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I cannot see what flowers are at my feet,
The coming musk-rose, full of dewy wine,
Darkling I listen; and, for many a time,
I have been half in love with easeful Death,
While thou art pouring forth thy soul abroad
Still wouldst thou sing, and I have ears in vain-
Thou wast not born for death, immortal bird!
Through the sad heart of Ruth, when, sick for home, She stood in tears amid the alien corn;
The same that ofttimes hath
Charm'd magic casements, opening on the foam
Forlorn! the very word is like a bell
To toll me back from thee to my sole self!
As she is famed to do, deceiving elf.
Was it a vision, or a waking dream?
ODE ON A GRECIAN URN.
THOU still unravish'd bride of quietness!
A flowery tale more sweetly than our rhyme: What leaf-fringed legend haunts about thy shape? Of deities or mortals, or of both,
In Tempe or the dales of Arcady?
What men or gods are these? What maidens loth? What mad pursuit? What struggle to escape?
What pipes and timbrels? What wild ecstasy?
Heard melodies are sweet, but those unheard
Are sweeter; therefore, ye soft pipes, play on; Not to the sensual ear, but, more endear'd,
Pipe to the spirit ditties of no tone:
Fair youth, beneath the trees, thou canst not leave Thy song, nor ever can those trees be bare;
Bold lover, never, never canst thou kiss, Though winning near the goal-yet, do not grieve; She cannot fade, though thou hast not thy bliss, For ever wilt thou love, and she be fair!
Ah, happy, happy boughs! that cannot shed
For ever piping songs for ever new;
For ever panting and for ever young; All breathing human passion far above, That leaves a heart high sorrowful and cloy'd, A burning forehead, and a parching tongue.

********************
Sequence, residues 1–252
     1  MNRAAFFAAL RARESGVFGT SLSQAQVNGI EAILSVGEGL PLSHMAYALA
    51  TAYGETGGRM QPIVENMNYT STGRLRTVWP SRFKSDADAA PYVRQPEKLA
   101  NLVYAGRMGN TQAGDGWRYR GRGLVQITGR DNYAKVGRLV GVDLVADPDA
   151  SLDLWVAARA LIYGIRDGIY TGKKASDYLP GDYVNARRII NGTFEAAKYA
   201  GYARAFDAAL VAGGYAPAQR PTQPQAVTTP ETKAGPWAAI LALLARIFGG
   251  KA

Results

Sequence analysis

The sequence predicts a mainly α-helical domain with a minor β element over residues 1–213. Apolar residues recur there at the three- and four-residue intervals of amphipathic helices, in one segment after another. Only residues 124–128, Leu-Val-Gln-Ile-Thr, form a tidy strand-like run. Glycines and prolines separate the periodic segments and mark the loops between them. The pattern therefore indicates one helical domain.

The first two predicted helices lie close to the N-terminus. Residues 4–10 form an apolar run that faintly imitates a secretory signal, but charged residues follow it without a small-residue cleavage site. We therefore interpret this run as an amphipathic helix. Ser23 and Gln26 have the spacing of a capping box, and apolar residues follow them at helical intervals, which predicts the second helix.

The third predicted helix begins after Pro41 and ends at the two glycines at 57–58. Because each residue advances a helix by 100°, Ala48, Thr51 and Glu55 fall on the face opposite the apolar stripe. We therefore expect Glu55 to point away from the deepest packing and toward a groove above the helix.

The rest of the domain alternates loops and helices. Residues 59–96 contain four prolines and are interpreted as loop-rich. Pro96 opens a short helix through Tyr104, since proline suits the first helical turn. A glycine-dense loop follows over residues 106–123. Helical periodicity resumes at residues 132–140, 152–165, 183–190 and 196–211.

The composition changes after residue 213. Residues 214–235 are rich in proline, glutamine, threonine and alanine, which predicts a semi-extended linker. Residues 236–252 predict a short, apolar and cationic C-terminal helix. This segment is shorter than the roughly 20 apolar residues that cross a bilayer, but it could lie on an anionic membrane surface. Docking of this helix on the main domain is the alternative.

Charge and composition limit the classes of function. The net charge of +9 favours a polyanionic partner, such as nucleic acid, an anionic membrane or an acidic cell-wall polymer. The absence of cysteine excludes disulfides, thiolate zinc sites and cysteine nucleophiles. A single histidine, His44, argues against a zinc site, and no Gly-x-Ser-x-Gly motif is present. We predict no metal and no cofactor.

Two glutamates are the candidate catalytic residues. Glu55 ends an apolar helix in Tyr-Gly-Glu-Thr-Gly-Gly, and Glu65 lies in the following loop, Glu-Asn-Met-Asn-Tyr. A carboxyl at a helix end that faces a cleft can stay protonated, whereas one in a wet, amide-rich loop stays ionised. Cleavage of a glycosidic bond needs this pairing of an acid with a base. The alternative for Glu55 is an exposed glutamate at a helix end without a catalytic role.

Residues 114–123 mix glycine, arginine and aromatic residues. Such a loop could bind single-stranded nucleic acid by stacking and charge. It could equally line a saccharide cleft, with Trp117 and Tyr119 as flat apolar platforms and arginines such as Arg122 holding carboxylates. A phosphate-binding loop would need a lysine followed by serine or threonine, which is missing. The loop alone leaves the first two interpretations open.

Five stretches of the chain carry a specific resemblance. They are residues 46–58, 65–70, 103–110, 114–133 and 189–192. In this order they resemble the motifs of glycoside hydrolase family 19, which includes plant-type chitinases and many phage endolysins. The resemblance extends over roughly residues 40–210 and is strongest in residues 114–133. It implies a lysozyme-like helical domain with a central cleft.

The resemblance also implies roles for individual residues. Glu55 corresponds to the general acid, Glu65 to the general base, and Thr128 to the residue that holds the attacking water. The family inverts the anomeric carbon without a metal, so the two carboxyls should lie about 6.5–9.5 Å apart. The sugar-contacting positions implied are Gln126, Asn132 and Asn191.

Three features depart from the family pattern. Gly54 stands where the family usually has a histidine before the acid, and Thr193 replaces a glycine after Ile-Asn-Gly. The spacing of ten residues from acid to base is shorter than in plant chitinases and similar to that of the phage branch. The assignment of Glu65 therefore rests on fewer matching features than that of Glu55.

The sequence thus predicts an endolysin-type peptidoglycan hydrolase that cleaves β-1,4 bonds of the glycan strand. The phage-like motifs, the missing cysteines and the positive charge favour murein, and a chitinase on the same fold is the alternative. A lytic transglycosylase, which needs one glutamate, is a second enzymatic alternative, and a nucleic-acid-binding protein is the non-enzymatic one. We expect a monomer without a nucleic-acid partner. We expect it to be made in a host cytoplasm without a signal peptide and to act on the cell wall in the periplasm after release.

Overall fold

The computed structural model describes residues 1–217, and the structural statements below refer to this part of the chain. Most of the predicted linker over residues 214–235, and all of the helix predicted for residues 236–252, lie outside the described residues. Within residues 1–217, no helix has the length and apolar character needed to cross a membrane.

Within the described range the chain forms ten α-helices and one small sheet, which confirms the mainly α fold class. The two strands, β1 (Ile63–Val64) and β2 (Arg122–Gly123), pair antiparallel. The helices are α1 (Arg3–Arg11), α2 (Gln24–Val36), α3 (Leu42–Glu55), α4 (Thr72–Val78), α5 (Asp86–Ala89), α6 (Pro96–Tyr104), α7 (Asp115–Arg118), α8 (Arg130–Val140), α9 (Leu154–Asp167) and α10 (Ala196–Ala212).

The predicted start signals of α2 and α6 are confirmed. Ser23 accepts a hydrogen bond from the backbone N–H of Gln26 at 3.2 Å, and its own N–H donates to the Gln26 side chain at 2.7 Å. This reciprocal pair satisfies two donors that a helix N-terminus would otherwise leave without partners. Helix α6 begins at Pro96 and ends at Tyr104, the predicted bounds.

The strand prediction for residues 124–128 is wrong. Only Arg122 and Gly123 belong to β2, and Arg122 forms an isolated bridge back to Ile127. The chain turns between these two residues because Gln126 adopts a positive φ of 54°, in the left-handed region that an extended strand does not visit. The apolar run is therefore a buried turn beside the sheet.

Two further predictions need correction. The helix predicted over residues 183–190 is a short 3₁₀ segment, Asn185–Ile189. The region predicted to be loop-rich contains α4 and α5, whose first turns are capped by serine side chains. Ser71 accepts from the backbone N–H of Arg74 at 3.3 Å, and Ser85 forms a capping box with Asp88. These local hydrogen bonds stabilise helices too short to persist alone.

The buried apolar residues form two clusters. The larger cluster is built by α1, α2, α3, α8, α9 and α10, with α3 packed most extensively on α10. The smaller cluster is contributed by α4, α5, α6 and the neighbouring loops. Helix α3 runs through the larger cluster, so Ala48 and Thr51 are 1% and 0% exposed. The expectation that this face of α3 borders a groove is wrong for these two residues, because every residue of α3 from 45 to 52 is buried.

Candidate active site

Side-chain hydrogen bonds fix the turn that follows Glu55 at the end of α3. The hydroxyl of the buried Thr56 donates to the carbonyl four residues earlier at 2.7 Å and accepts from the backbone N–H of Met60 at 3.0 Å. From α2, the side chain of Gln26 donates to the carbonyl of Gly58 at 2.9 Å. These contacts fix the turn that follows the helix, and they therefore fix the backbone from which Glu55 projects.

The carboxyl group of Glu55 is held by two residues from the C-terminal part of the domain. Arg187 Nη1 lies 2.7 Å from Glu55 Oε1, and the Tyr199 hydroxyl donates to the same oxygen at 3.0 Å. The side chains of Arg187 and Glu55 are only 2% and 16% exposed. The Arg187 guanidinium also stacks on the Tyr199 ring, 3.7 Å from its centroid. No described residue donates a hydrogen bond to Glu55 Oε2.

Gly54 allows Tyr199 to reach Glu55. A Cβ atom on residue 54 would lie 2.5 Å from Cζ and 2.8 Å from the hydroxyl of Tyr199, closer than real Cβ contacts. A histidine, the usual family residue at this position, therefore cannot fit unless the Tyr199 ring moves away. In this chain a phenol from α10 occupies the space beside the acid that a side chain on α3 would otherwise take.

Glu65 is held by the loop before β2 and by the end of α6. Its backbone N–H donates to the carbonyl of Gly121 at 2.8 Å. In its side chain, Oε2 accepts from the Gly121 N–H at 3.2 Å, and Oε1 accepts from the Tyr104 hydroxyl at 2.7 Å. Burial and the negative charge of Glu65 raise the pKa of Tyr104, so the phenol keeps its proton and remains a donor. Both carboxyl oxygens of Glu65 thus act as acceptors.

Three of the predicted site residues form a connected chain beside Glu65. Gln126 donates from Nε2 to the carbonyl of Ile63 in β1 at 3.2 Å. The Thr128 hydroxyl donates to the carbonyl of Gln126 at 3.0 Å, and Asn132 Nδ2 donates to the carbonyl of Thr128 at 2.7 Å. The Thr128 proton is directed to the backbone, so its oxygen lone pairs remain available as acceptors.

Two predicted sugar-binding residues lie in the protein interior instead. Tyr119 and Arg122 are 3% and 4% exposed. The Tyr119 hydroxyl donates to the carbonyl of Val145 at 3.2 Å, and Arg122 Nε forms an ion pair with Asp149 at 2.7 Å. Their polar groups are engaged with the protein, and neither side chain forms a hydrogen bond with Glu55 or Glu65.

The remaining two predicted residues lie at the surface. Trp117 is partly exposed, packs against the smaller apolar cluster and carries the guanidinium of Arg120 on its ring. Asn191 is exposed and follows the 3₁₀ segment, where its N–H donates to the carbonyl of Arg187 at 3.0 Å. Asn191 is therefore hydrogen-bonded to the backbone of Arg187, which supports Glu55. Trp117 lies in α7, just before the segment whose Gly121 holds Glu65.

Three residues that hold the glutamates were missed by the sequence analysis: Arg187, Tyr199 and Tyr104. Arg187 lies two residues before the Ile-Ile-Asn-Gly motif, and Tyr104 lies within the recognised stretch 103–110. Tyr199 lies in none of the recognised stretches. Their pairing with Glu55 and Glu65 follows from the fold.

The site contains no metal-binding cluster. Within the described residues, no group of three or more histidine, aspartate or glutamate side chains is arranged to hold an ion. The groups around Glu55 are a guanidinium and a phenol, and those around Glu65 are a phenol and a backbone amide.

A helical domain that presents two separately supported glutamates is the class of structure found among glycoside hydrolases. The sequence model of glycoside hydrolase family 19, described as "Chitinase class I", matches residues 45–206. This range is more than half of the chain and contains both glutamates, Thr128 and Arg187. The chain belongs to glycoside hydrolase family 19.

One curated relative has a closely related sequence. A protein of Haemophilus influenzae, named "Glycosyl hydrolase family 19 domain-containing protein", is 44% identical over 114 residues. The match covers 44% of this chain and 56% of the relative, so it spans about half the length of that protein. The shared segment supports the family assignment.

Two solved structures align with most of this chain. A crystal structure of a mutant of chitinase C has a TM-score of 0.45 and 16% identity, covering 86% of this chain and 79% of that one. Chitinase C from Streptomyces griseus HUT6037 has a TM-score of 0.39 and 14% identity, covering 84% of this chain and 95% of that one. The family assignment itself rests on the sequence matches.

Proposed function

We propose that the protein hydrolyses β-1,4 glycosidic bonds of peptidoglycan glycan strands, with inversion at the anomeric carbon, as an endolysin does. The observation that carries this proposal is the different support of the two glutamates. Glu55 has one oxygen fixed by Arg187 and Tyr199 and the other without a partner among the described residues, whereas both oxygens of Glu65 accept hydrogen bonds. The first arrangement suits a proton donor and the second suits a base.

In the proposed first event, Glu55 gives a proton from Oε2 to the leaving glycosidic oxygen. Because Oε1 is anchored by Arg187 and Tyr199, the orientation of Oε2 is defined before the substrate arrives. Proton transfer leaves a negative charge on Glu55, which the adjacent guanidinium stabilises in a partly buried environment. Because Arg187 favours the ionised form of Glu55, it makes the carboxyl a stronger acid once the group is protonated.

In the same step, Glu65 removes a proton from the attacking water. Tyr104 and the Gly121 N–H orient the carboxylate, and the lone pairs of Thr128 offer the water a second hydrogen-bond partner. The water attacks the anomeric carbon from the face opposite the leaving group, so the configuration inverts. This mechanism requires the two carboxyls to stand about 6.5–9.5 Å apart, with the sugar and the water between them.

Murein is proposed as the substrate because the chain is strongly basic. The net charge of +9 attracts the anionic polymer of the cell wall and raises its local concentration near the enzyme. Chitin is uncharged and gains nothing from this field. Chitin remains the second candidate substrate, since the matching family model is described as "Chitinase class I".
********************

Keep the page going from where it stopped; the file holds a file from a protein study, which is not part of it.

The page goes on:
Who are these coming to the sacrifice?
To what green altar, O mysterious priest, Lead'st thou that heifer lowing at the skies,
And all her silken flanks with garlands drest? What little town by river or sea-shore,
Or mountain-built with peaceful citadel,
Is emptied of this folk, this pious morn?
O Attic shape! Fair attitude! with breed
Of marble men and maidens overwrought, With forest branches and the trodden weed;
Thou, silent form! dost tease us out of thought As doth eternity: Cold Pastoral!
When old age shall this generation waste,
Thou shalt remain, in midst of other wo Than ours, a friend to man, to whom thou say'st, "Beauty is truth, truth beauty,"—that is all
Ye know on earth, and all ye need to know.
To one who has been long in city pent,
'Tis very sweet to look into the fair
And open face of heaven,—to breathe a prayer
Catching the notes of Philomel,—an eye
He mourns that day so soon has glided by;
That falls through the clear ether silently.
HAPPY is England! I could be content
To see no other verdure than its own;
For skies Italian, and an inward groan
Enough their whitest arms in silence clinging:
Beauties of deeper glance, and hear their singing, And float with them about the summer waters.
IN a drear-nighted December,
Thy branches ne'er remember
The north cannot undo them,
In a drear-nighted December,
About the frozen time.
Ah! would t'were so with many